Who argues against the “enfranchisement” of another group of Americans?
What would we say if a person was speaking against enfranchisement of African-Americans or women?
Why should it be any different if he is targeting Muslims?

This is the same Daniel Pipes who encouraged American college students to spy on their professors if they make comments deemed to be critical of Israel or American foreign policy—a real reminder of the Communist Red Scare days where people would be routinely branded as “Anti-Americans.”

So what has Pipes said today to make clear his disdain for peace in the Middle East?


His comments were in the context of the human catastrophe in Syria, where at least 75,000 human beings have been slaughtered.   What would a decent human being say in confronting so much suffering, so much pain?   One would hope that almost any person with a real heart and soul would say something along the lines of:  “I hope and pray that the situation is brought to a swift closure.  I pray that there is no more blood shed, and I pray that those mourning loved ones are comforted, that the homeless are cared for.  I pray that a real life of peace and justice is established for all the people of the region.”

One could hope for that, but that is not what we are likely to hear from Mr. Pipes.    Daniel Pipes on the other hand hopes for the bloodshed to continue for as long as possible, because in his worldview, better the people of Syria kill each other than the conflict spill over.  He states explicitly:

I don’t want to see this end. I don’t want to see them turn their guns on us or our allies.

Speaking of Bashar al-Assad’s reign of terror, Pipes states that it isdoing more good than harm.”   On whatever planet the slaughter of 75,000 human beings and exile of 1,000,000 people can in any way be characterized as doing any bit of good whatsoever?   Whatever planet Mr. Pipes lives on, it must be a cold and miserable place, devoid of compassion and humanity.

Unstated but directly implied in Pipes’ statement is the racist assumption that the lives of American allies [read:  Israelis] are worth more than the lives of Syrians. But why would that be?  On what basis would a decent human being argue that the life of any of God’s children is worth more than the life of another child?      People of faith know that the same loving and merciful God has created all of humanity.     For many, they would express this as all of God’s children are created in the image of God, or they have had God’s breath breathed inside of them.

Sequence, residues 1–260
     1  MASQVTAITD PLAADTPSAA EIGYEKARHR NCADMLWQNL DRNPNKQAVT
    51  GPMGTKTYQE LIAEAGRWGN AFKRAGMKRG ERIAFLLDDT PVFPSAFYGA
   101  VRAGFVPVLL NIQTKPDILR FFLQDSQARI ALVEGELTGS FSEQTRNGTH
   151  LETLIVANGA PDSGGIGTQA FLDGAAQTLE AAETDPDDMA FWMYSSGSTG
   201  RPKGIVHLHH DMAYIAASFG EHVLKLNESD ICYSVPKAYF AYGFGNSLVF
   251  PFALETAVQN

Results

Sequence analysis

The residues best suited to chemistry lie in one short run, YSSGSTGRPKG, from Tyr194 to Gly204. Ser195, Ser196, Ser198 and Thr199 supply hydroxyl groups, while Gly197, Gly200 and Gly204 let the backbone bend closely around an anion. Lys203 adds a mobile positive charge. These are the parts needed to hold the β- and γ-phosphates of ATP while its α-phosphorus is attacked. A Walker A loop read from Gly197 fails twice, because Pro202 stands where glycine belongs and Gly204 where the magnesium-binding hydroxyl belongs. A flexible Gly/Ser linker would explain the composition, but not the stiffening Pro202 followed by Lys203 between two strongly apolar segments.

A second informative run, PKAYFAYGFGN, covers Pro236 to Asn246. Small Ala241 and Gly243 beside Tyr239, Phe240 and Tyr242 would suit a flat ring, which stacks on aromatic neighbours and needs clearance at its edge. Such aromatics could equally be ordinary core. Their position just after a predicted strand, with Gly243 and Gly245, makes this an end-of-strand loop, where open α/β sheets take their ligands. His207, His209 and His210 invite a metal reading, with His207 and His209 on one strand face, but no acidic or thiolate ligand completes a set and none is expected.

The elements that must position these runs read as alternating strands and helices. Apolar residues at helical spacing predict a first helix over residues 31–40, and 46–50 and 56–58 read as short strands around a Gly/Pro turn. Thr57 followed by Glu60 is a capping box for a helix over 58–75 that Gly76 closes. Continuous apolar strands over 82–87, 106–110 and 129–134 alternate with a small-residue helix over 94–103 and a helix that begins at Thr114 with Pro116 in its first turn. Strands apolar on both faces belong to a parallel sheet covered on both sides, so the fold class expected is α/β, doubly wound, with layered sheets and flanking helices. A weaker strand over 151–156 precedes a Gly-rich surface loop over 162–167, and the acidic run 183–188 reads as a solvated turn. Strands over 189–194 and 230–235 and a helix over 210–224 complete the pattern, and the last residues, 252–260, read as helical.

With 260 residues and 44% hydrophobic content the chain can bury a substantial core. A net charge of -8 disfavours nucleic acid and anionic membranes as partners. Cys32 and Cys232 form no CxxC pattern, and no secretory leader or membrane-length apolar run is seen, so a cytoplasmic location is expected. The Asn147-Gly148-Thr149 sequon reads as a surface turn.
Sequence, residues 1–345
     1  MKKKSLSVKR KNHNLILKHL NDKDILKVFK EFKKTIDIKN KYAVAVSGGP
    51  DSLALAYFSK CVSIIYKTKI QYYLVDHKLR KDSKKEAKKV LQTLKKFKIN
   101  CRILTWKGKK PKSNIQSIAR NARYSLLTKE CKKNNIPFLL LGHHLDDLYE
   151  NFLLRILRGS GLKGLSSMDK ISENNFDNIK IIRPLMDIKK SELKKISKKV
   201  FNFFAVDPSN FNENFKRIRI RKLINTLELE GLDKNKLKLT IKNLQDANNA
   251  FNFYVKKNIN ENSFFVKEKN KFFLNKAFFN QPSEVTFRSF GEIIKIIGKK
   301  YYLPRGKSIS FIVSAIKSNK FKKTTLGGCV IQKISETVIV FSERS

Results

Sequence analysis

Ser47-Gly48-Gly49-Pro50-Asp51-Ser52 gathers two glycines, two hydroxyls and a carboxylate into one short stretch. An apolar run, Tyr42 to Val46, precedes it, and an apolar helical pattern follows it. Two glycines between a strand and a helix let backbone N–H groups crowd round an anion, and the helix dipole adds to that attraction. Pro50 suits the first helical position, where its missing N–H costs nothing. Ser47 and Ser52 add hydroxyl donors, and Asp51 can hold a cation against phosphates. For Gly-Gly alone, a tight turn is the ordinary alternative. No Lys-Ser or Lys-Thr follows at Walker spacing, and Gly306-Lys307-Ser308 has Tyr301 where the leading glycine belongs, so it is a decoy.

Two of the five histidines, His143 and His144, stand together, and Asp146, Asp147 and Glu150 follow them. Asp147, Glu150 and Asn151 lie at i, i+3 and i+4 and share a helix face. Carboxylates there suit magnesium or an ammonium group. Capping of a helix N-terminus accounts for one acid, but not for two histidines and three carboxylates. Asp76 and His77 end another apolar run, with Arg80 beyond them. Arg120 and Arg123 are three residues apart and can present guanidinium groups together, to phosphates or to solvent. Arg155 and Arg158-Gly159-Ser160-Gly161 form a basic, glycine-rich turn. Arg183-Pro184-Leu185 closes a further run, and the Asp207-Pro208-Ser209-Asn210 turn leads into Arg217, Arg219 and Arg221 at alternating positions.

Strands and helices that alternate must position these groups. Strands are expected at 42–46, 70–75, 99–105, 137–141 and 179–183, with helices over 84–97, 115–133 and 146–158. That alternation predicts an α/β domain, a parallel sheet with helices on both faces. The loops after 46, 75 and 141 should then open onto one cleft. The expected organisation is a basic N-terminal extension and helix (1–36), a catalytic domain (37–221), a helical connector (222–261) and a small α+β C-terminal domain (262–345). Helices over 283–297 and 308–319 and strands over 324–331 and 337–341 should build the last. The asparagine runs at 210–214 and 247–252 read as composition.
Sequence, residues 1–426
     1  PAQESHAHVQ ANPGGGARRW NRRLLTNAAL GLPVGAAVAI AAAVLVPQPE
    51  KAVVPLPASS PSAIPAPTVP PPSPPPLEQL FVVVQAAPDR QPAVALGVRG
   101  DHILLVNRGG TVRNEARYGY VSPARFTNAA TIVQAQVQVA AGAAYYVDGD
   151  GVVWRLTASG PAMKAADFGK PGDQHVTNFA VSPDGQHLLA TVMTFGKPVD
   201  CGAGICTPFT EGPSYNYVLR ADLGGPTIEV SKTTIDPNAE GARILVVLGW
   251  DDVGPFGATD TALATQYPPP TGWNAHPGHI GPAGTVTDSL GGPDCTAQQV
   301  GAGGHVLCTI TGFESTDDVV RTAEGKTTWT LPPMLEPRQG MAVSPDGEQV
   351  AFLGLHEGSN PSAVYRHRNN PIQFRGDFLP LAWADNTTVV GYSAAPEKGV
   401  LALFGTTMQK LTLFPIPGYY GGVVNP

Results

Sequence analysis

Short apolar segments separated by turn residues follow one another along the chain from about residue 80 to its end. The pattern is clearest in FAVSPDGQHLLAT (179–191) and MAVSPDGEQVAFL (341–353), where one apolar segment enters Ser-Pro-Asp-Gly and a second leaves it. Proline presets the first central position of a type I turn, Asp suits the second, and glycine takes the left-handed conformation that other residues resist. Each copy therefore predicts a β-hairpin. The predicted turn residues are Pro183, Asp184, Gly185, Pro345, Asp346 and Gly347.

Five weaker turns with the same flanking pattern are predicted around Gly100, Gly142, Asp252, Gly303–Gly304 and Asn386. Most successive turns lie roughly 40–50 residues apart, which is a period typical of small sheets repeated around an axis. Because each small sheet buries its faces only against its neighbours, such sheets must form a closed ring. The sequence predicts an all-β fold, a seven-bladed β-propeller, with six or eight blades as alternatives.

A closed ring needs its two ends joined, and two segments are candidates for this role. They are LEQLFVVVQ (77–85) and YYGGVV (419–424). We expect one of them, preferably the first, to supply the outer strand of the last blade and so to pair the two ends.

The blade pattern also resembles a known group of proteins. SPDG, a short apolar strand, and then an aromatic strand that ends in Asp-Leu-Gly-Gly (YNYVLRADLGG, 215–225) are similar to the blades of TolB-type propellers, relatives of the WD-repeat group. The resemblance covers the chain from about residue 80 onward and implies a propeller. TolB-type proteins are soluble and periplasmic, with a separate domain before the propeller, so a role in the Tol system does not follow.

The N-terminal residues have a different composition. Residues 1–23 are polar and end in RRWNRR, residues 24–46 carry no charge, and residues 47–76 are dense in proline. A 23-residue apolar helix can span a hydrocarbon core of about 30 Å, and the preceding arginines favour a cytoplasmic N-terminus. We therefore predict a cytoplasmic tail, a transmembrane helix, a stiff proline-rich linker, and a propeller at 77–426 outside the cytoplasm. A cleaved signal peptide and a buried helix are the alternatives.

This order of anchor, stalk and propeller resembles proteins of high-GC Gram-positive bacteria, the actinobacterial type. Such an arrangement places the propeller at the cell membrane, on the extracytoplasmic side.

Pipes introduces his National Review piece by stating:  “When enemies of the West are in conflict, it is in our interest to aid the losing side.”  Yes, that is the same logic that led Donald Rumsfeld to Iraq in 1983 to shake the bloody hand of Saddam Hussein, because we in the United States were persuaded that the enemy of our enemy (Iran) was our friend, and that it was in our best interest to keep that conflict going.    How did that work out for Iraqis, for the region, for humanity?    This callous, cold-hearted, narrow-sighted perspective does nothing other than expose the policies (both domestic and international) of its advocates as lacking any fundamental basis in ethics.


The third and last member of these peace-breakers, war-makers is the Christian one, and likely the most well-known:  Pat Robertson, the host of Christian Broadcast Network.    Pat Robertson is on record stating that he opposes peace in the Middle East, if that peace is to be achieved somehow through Palestinians and Israelis agreeing to share the land and homeland that they both love so deeply.   Robertson went so far as to position himself to the right of the most rightwing (Likud) Israeli politicians like Ariel Sharon.   Robertson, in fact, said that Sharon suffered a stroke because God punished him for having made a land-for-peace agreement in Gaza.    Many of course would disagree with characterizing what Sharon did as a land-for-peace arrangement, but simply one of partially rolling back an illegal occupation.  Others might have attributed the stroke to Sharon’s age, or uber-portly shape, but for Robertson it was the action of a vengeful God who was bringing down Sharon for having reached an agreement with Palestinians.